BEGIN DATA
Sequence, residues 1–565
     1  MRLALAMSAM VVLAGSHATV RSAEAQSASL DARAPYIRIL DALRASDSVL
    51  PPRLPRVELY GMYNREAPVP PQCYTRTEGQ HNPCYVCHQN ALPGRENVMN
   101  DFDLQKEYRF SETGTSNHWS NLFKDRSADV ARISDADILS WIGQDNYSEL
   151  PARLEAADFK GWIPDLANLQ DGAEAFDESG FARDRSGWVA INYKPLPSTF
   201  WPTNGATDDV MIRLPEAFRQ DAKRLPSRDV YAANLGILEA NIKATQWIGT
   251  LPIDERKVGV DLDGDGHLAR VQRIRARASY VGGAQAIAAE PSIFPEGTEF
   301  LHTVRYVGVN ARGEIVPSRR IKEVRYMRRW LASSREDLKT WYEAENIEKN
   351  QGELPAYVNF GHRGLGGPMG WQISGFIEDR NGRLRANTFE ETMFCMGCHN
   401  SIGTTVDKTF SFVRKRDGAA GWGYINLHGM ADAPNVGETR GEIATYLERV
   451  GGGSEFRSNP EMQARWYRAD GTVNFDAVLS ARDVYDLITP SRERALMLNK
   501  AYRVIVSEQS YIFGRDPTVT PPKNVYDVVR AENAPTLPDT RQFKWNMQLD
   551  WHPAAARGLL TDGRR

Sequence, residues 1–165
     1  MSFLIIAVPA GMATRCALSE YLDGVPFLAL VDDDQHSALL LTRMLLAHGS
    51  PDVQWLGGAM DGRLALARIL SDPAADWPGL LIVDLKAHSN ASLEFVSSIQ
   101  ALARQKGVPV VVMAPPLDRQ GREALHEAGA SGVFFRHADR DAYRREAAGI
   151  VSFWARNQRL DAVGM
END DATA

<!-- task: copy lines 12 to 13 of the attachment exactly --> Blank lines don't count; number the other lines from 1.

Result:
   501  AYRVIVSEQS YIFGRDPTVT PPKNVYDVVR AENAPTLPDT RQFKWNMQLD
   551  WHPAAARGLL TDGRR